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by Jon Saraceno, USA TODAY Sports

LAS VEGAS - For Floyd Mayweather Jr., independenceis paramount. The man they call "Money" has discovered that enormouswealth is indeed secondary.

Freedom holds a lot of newpossibilities for the undefeated welterweight champion, 36, as he putsthe finishing touches on preparations for his title defense againstRobert "The Ghost" Guerrero on Saturday at the MGM Grand Garden Arena.It's Mayweather's first fight since last May. Despite becoming one ofthe world's richest athletes, he has averaged one fight a year over thelast six years.

Recently, Mayweather signed a lucrative,mega-fight deal with Showtime, potentially worth $200 million; he hasreunited with his estranged father, trainer Floyd Mayweather Sr., 60,who is suffering from sarcoidosis (an incurable lung disease); and thereality TV star is receiving nibbles about a potential foray into actingafter he retires, probably by 2015.

It is quite acounterpunch from his life nearly a year ago. Last June, with the worldseemingly at his feet, Mayweather pleaded guilty to a reduced charge ofmisdemeanor battery domestic violence, and no contest to a pair ofharassment charges. The case involved a violent struggle between thefighter and former girlfriend Josie Harris as two of their childrenwatched in September 2010. Mayweather is the father of four.

Mayweatherwas sentenced to 90 days and found himself incarcerated with convictedmurderers and other serious offenders in Clark County Detention Center.With the exception of attorney contact, he spent 23 hours a day alone inhis cell in maximum security.

The detention center deemed it inhis best interest for safety, said attorney Shane W. Emerick, who didnot represent Mayweather in the case but visited him every day at thebehest of the fighter's legal team and manager Al Haymon. Mayweatherbelieved the location of his incarceration was unjust, Emerick said, buthis request to be added to the jail's general population was turneddown. Mayweather's bid for house arrest also was denied. He served fromJune 1 to Aug. 3.

"Was being in jail very bad, very rough for me?"Mayweather told USA TODAY Sports as he sat this week in the expansiveliving room of his $9 million, 22,000-square-foot mansion overlookingthe city. "There is nothing cool about saying, 'I've been to jail,' or'I've been to prison.' That's a place I won't go back to."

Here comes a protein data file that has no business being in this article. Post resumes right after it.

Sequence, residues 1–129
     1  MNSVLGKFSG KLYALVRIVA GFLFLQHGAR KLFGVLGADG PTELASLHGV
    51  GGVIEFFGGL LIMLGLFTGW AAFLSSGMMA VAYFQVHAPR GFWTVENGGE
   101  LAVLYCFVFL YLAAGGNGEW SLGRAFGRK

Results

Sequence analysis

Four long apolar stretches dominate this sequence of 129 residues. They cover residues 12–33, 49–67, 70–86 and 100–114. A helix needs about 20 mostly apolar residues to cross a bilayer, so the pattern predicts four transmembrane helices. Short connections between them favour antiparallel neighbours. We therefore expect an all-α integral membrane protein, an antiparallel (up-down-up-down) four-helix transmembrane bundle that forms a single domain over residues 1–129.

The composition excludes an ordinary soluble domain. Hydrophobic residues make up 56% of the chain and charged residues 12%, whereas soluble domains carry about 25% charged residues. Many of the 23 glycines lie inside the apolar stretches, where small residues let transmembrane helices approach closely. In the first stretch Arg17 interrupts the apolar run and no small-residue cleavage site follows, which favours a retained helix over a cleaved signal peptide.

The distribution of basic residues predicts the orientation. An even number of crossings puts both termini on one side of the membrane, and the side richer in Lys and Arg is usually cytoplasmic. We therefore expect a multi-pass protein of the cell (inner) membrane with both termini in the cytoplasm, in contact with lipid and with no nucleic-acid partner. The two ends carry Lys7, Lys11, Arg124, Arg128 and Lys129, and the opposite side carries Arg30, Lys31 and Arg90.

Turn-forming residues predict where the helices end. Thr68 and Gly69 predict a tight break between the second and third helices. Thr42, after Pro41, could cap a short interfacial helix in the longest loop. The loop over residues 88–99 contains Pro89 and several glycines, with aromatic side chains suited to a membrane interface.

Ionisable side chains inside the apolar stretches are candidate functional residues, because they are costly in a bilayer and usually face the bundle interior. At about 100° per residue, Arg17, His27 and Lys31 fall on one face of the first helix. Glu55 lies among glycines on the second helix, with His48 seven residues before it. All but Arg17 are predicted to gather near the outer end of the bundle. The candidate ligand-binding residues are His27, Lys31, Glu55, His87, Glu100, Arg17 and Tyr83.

'It's about being classy'

Raisedin a dysfunctional, drug- and alcohol-saturated home, Mayweather hadbeen arrested numerous times during the last decade for violence-relatedcases in Nevada and Michigan, his home state. But he always seemed toavoid serious punishment, receiving suspended jail sentences and fines.

In17 years as a professional fighter, Mayweather (43-0, 26 KOs) has nevertasted losing. This time, it felt as if Judge Melissa Saragosa landedone to his jaw. He also received community service and was ordered tocomplete one year of domestic violence counseling. He attended a sessionon the same day of his May 5, 2012, fight against Miguel Cotto.

"WhatI learned from my jail experience was that freedom is very, veryimportant," he said. "You can have money but no freedom. It's just likeyou're poor, you're broke. It's like you have nothing. I found out thatfreedom is more important than money."

Wednesday, at the finalmajor news conference to promote the Guerrero fight, Ruben Guerrero -father and trainer of the challenger - called out Mayweather.

"We'regoing to beat up that woman-beater - the one that beat up his(ex-girlfriend) in front of his kids," Ruben Guerrero said from thepodium. "He must have learned that from his dad. We're going to eat thatwoman-beater (and) see how he's gonna like it, and he's gonna get itfrom a real man."

No one from Mayweather'scamp, including the champion, responded at that juncture. Later, thefathers of both fighters began jawing at each other and had to beseparated. Mayweather Jr. kept his cool when asked about the namecalling.

"My thing is, I'm a lot older and I'm a lot wiser," hetold Showtime analyst Steve Farhood. "If I did or didn't do a crime ... Iserved the time. It's about being classy. I was wild when I wasyounger."

Those who know Mayweather well say confinement gave him adose of reality, and that he is a changed person. They say he has madestrides to become more introspective, show greater restraint and soughtto be become less volatile in his personal relationships. He shares hishome with fiancée Shantel Jackson.

"Is Floyd Mayweathermisunderstood? Absolutely," he said. "But, you know, that's life. You gothrough certain obstacles. Only thing I can do is continue to live andtry to become a better person every day."

Twice a week he waspermitted to engage in a video visit with family or friends. At times,it was humiliating for the former U.S. Olympic star.